the use of personal information cannot be emphasised enough, not least because failure to do so can lead to hefty fines and criminal penalties in some jurisdictions.
In order to ensure compliance by its service providers and retain control over the use of personal information, the agreement should set out the specific obligations of the service provider in relation to the processing and transfer of personal
data in the agreement, including, where applicable, the obligations that must be met in order to transfer personal data outside the European Union (EU). The EU model agreement for data protection is
the normal technique for ensuring transfers outside the EU are legally compliant.
It is also important to ensure the flexibility and adaptability of the selected outsourcing service provider, both in terms of meeting the customer’s changing strategic needs and to ensure they will be able to implement service changes to account for changes in applicable laws and regulatory requirements. This is best achieved by way of a well-thoughtout governance structure. While perhaps not always relevant to short-term outsourcing agreements with CROs, governance is one of the most critical elements in long-term outsourcing arrangements. In order to ensure the appropriate governance structure is put in place in the agreement and operationally, governance should be made a priority before the request for proposal process with potential service providers gets underway. It should begin with the development of an internal road map of the proposed functions to be outsourced which is produced following an examination of the current operating structure of these functions, and careful consideration of what will be required for a service provider to maintain at least the same consistency of work and levels of productivity and quality.
Once negotiations have started, the key governance roles should be identified quickly so that the governance team begins working together cohesively as
soon as possible, and can provide input during the negotiations as to what will and will not work operationally. Customer companies should always consider involving their regulatory professionals in this process to ensure that any potential issues in the service provider’s solution that may impact on regulatory compliance are identified quickly and
resolved. One or more regulatory personnel should also be given a key role in the governance team to address issues that arise post-signing and to monitor
the outsourcing arrangement generally for regulatory compliance.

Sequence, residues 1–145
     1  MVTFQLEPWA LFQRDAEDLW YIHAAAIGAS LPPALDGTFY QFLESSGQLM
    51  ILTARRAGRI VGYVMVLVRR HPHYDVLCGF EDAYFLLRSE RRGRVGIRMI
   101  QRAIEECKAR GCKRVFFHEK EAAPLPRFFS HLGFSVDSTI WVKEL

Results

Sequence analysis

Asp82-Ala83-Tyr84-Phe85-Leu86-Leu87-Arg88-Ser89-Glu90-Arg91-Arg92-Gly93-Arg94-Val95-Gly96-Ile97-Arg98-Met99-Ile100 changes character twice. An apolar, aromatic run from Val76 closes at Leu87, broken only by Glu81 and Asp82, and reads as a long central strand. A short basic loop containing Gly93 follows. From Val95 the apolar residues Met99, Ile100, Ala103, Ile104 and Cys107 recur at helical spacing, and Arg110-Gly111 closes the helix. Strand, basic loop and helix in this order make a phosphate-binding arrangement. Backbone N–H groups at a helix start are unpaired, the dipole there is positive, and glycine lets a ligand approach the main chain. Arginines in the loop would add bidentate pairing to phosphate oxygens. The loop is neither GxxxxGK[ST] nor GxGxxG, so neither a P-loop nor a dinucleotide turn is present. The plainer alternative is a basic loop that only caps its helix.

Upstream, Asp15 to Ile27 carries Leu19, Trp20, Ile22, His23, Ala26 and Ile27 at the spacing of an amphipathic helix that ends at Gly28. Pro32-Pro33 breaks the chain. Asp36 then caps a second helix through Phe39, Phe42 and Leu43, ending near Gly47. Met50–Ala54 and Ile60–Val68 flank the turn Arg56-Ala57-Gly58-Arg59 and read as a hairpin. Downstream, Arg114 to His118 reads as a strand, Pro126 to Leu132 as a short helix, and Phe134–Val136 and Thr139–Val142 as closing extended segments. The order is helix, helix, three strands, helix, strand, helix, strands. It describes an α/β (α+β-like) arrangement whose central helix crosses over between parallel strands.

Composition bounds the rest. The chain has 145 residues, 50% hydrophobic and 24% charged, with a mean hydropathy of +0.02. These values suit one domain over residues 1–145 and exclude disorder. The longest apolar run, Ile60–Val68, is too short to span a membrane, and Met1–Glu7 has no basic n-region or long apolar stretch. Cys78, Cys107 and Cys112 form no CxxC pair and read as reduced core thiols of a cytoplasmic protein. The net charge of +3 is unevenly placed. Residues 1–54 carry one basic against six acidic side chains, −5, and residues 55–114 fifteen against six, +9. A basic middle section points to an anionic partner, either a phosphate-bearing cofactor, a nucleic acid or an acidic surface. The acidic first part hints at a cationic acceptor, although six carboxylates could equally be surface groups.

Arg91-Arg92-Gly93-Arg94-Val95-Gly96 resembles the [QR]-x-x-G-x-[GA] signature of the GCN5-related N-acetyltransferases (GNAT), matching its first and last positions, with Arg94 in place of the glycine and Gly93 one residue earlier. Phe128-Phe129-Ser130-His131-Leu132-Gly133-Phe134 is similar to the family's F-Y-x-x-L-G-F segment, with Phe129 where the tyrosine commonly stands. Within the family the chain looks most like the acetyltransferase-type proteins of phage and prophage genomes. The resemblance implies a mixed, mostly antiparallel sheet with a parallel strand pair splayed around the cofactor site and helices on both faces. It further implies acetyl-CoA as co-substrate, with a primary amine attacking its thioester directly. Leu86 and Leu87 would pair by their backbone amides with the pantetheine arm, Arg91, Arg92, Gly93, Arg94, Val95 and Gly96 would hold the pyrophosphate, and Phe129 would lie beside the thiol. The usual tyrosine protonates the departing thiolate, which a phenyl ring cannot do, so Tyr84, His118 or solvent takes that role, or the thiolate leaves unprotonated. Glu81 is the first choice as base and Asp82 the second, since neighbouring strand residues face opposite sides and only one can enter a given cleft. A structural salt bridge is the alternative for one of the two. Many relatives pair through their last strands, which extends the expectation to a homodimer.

In the agreement itself, the governance structure established should provide for regular reviews of the outsourced services and the underlying agreement. This should be by way of a formal review
process which allows the governance team to assess and evaluate the outsourcing relationship, and specific factors including whether the agreement
objectives and transition or service deliverables are being met, overall customer satisfaction, and compliance with laws, policies and procedures. It should also provide a mechanism to address customer
service provider relationship issues.
The change management procedures in the agreement should set out a welldefined set of roles and responsibilities for the governance team to follow in order to adjust the services or the agreement.
In typical outsourcing agreements, this will comprise one procedure for minor changes and another for major changes. However, it is also worth considering whether a separate procedure should be
included in the outsourcing agreement to quickly address changes required as a result of new or revised legal or regulatory requirements. It is not uncommon for companies in the industry to be given
specific, time-restricted directions from a regulatory body or for changes requiring immediate action to be made to existing legal requirements.
Audit provisions are of crucial importance in any outsourcing agreement, and can be even more so in agreements within the life sciences industry. Outsourcing agreements will typically provide for the
customer to audit a number of elements of the outsourcing arrangement, such as the fees charged by the service provider, the service provider’s facilities, and the service provider’s compliance with the terms of the agreement and with any services
levels and key performance indicators. In addition, the agreement should allow for audits of the service provider’s compliance with applicable laws, including the treatment of personal data. Specifically consider whether more detailed audits, or whether a more aggressive or strict timeline for audits, are required to meet specific regulatory requirements.
The trend for outsourcing in the industry is unlikely to slow down any time soon. Earlier this year, BMS outsourced certain pharmacovigilance
activities to Accenture, indicating an increasing willingness in the sector to outsource business-critical functions. For advisers, it is worth being prepared in advance and understanding what can be done to mitigate the potential risks in life sciences outsourcing arrangements. Bearing the above factors in mind will help ensure that adequate contractual safeguards are put in place.
Richard Barratt is a partner and head of the European outsourcing practice and Natalie Kingston is an associate in the business and finance practice at Morgan Lewis in London.